|Governing Body:||Badminton World Federation (BWF)|
Para-Badminton is an adaptation of badminton for athletes with physical disabilities. There are six different classes defined for Para-athletes based on the type of disability (wheelchair, standing and short stature).
The sport has been competed internationally since the 1990s and the first World Championships took place in Amersfoort, Netherlands in 1998 and now occurs in every two years. The sport will be a part of Paralympic Games for the first time in 2020 in Tokyo.
The sport was first governed by the Para-Badminton World Federation (PBWF) until 2011 after which it became a part of Badminton World Federation (BWF).
To hit the shuttlecock (also known as shuttle or birdie) over and across the net on the opponent’s court so that the opponent can’t find time to return it back and score a point.
Men’s Singles or Women’s Singles events
Men’s Doubles or Women’s Doubles events
Pair of one male and one female player each side
One player each side in "singles" matches & two players each side in "doubles" matches. It is played by both men as well as women.
Para-Badminton - Prosthetic limbs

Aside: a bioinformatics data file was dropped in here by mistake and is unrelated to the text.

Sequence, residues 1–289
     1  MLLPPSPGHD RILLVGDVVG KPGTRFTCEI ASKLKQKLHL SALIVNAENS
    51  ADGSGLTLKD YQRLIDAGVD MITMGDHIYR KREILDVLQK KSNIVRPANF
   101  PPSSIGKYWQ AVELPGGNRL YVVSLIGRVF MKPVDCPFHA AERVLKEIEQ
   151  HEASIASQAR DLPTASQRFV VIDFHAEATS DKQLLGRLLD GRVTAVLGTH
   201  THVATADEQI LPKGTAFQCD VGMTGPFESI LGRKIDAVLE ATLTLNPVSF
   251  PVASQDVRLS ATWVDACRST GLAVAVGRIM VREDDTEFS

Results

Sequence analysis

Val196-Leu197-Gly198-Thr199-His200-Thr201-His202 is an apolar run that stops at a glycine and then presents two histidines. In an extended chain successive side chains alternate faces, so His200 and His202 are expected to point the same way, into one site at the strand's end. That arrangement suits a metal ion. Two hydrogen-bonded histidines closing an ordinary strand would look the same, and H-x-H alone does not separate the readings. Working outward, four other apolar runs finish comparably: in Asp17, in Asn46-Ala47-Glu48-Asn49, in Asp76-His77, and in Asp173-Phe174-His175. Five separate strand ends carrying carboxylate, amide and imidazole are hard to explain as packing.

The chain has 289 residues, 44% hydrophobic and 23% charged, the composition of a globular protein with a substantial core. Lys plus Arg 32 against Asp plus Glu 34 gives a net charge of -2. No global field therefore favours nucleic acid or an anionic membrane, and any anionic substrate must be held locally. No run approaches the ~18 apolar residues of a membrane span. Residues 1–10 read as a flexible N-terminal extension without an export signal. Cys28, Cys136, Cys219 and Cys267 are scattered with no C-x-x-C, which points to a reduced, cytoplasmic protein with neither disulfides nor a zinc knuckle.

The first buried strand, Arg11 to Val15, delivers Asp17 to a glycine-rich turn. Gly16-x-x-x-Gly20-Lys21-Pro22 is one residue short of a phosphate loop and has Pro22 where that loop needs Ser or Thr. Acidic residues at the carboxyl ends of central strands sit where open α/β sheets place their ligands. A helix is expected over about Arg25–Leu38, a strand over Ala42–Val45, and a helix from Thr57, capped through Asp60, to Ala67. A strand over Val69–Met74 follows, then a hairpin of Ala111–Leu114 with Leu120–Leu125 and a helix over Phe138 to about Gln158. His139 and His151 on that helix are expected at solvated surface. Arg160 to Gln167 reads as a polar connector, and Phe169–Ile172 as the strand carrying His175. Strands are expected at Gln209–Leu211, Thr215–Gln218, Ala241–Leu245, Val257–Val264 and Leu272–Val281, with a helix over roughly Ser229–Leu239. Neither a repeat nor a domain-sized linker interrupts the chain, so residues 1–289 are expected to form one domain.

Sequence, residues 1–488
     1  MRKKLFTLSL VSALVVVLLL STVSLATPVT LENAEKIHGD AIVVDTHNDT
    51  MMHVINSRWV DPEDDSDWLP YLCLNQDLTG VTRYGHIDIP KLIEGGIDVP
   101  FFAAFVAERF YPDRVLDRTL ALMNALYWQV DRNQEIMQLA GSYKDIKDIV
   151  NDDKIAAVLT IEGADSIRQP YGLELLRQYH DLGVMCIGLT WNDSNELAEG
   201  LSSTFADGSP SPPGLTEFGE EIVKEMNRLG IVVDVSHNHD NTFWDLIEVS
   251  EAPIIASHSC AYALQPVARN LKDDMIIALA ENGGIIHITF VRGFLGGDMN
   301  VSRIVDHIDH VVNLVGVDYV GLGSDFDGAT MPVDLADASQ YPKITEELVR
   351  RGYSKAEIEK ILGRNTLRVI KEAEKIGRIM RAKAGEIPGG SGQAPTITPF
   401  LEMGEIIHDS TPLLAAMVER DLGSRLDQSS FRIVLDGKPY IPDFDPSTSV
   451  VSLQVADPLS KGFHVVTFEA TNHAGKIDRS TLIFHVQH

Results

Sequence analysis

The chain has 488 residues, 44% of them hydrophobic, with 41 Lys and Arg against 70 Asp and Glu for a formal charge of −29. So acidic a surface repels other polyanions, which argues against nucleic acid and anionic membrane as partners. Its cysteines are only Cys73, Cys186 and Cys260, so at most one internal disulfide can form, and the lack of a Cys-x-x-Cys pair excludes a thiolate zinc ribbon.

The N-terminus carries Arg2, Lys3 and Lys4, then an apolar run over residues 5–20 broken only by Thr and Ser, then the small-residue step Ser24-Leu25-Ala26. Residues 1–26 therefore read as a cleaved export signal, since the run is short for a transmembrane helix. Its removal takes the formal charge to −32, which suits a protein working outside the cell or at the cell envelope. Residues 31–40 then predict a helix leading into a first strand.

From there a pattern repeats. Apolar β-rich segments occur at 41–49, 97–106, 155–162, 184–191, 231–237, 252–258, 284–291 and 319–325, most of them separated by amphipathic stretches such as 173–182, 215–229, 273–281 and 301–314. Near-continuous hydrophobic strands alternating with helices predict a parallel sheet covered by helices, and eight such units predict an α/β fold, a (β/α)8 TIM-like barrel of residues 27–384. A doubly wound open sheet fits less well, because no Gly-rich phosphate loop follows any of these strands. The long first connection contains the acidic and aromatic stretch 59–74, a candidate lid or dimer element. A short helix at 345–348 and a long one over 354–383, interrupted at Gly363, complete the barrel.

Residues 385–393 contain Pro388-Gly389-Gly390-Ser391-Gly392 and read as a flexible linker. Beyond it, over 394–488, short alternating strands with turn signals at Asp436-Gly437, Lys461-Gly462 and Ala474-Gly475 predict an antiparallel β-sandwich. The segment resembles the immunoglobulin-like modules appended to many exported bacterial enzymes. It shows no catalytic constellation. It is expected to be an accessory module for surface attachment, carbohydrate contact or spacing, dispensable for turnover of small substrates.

Amputee players belonging to categories SL3, SL4 and WH may use a prosthetic limb; for category SU5, these are not allowed. The prosthetic limb must be of the same length as the players' existing limb and in proportion with the players' other limbs.
Leg amputees (upper or lower both) may use a crutch while playing which must not extend the players' natural height from the armpit to the ground.
Para-Badminton - Wheelchair
A player's body is fixed with the wheelchair with an elastic belt or a strap around the waist and/or across the thighs and feet must be attached to the footrest of the wheelchair.
The playing techniques in Para-badminton are same as that in Badminton.
The playing court of Para-badminton is same as that of badminton except that the singles matches of wheelchair and standing classes play half-court while in doubles matches both these classes play over the whole court. In wheelchair classes, the area between the short service line and the net is defined as "out" (outside court limit).
Most senior official and overall incharge of the tournament
Incharge of the match & the court usually sits on a high chair overlooking the net and reports to the referee.
Responsible to call service faults & to watch if the serve is legal.
Ten judges to indicate whether a shuttle is in or out of bounds
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